Receiving Wide Coverage ...

GAO No Help on TBTF: So are certain banks "too big to fail"? The release of the Government Accountability Office's report on Thursday did little to answer that question, with both sides claiming victory, as an American Banker article noted Thursday. The Financial Times quoted Paul Saltzman of the Clearing House (the group representing JPMorgan Chase, Citi and other big Wall Street firms) saying, too big to fail "perceptions have substantially diminished." The New York Times quoted Mary Miller, under secretary of the U.S. Treasury, who said the report shows "what should now be evident — Dodd-Frank ended 'too big to fail' as a matter of law." The Times article gave equal time to the opposite view, with Independent Community Bankers of America CEO Camden Fine saying, "the bottom line is that there is a subsidy today and there had been a subsidy before the crisis and the subsidy increased during the crisis." Financial Services Forum president Rob Nichols weighed in that big banks' advantage has not only "disappeared or gone away, potentially it's been reversed," the Wall Street Journal reported. Heard on the Street points out that, if big banks' subsidy has gotten smaller, it's because the price of risk has gotten smaller, as the spread between junk bonds and Treasuries currently hovers at all-time lows.

Paying for Overdraft Protection: Consumers who opted in to overdraft protection programs seem to be paying more in fees. That's clearly not what the law intended, so the Consumer Financial Protection Bureau has decided it must take a closer look, the Times and Washington Post report, echoing a lengthier, more detailed article in American Banker. The CFPB didn't say it was planning to propose new rules, but just that the agency is going to study the issue further.

Wall Street Journal

A loose coalition of regional banks has been actively lobbying Congress to remove the $50 billion asset mark that designates which banks are SIFIs. Their efforts seem to be working, the Journal reports. The paper quotes several lawmakers and policymakers who are coming around to the idea that only the biggest Wall Street banks (JPMorgan Chase, Goldman Sachs, Citi and Morgan Stanley) are truly systemically important financial institutions. "Practically all the regional banks are basically just big community banks that don't play in the risky world" of the biggest Wall Street banks, Rep. Blaine Luetkemeyer, R-Mo., said. "Why should they be penalized?" The paper even offers a helpful chart showing that if you add up the assets of the 10 largest regional banks, they still don't match the total asset holdings of JPMorgan.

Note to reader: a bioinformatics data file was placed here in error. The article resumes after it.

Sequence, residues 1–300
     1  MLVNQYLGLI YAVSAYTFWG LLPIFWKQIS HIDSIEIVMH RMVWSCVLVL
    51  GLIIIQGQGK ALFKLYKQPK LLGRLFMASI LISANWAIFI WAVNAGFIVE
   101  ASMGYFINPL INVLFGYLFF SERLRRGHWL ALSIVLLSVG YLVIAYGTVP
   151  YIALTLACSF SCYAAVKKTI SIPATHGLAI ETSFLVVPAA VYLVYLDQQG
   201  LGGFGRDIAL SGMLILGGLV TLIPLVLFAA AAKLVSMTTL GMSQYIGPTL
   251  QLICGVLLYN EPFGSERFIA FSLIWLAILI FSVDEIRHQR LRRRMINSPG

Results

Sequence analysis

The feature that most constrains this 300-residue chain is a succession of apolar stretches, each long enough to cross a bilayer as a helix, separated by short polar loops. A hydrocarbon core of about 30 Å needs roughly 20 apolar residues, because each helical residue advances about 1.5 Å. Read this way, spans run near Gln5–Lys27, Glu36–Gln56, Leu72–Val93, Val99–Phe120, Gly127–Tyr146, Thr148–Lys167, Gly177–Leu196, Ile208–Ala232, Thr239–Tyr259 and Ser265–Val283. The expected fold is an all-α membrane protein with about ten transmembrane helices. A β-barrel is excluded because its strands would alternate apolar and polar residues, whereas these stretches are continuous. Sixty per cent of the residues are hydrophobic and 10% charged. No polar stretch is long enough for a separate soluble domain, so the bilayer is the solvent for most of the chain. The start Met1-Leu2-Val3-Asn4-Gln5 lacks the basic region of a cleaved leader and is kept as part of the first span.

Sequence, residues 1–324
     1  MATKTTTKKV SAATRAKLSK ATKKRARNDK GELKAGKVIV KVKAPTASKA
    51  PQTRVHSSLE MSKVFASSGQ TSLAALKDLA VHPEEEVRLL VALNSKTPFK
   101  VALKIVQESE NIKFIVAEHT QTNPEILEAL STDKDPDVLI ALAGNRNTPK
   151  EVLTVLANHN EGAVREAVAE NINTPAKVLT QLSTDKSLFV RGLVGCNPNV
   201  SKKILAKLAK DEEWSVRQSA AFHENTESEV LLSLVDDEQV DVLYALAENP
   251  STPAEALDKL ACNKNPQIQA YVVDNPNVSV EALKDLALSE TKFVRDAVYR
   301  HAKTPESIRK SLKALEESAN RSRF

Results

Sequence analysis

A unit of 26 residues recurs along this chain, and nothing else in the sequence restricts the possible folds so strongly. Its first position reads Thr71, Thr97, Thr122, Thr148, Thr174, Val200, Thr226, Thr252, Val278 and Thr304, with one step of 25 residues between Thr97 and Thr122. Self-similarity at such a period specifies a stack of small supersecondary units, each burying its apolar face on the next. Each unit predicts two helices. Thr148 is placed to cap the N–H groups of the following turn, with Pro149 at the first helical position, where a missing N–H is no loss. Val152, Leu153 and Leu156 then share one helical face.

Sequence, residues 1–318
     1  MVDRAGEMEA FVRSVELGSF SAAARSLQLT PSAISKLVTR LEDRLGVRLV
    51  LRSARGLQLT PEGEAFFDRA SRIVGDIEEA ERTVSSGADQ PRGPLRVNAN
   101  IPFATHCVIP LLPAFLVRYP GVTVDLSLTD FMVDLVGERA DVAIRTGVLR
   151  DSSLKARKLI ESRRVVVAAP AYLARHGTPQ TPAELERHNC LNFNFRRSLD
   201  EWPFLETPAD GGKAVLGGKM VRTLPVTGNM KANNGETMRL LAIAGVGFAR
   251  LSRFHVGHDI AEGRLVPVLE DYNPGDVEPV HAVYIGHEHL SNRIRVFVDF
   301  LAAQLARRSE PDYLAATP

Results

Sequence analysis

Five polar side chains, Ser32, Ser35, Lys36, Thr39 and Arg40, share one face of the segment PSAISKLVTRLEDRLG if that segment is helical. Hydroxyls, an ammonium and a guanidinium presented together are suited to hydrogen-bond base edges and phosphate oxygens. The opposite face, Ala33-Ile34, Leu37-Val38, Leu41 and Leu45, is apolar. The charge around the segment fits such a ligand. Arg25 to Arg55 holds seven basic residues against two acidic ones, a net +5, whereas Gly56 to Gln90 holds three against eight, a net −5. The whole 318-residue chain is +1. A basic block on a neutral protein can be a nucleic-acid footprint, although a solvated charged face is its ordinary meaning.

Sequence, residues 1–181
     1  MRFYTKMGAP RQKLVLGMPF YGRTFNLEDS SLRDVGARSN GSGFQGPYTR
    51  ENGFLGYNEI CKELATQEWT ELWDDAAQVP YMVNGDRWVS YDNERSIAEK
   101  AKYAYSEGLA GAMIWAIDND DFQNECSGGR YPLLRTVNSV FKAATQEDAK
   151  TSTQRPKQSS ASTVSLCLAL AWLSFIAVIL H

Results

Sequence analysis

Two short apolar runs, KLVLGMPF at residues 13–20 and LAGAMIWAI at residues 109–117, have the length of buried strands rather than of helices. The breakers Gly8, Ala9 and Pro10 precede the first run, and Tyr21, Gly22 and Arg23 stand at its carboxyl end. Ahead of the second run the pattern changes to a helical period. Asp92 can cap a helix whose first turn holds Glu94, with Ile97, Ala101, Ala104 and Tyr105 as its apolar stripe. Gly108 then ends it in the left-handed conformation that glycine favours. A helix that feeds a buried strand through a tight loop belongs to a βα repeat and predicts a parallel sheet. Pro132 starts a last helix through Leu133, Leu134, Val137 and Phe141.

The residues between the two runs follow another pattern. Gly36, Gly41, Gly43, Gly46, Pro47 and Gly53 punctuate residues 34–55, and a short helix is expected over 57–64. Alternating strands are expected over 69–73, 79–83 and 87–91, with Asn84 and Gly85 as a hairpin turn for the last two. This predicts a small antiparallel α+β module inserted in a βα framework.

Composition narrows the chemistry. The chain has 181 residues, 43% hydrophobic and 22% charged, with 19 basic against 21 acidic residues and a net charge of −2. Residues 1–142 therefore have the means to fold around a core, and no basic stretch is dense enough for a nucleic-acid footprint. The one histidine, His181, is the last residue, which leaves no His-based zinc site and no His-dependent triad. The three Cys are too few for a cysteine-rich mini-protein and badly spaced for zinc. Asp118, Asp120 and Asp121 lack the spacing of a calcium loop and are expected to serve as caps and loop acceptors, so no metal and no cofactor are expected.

Here we go again? Some of the asset managers who made boatloads of money by betting the U.S. was sitting on a housing bubble appear to be leaning in that direction again. Before the financial crisis, these managers bet against mortgage-backed securities. Now they're betting against several different categories, including European sovereign debt and U.S. junk bonds. Here's one nugget to calm your nerves, however. John Paulson, who made $15 billion by shorting the subprime mortgage market, is said to be bullish on bank loans and mortgage-backed securities.

New York Times

Federal authorities have growing concerns about fraudsters' use of Green Dot's MoneyPak prepaid card, the Times reports. The criminal activity seems to fall into two different buckets. In one, criminals are posing as debt collectors, bail bondsmen, government officials or salespeople. The other includes drug and weapons dealers who are using MoneyPak as their financial conduits. Green Dot has said that it plans to retire its MoneyPak product and replace it with a new electronic cash-transfer system. Still, consumer advocates are worried the criminals will just move to a similar product, like InComm's Vanilla Reload card.

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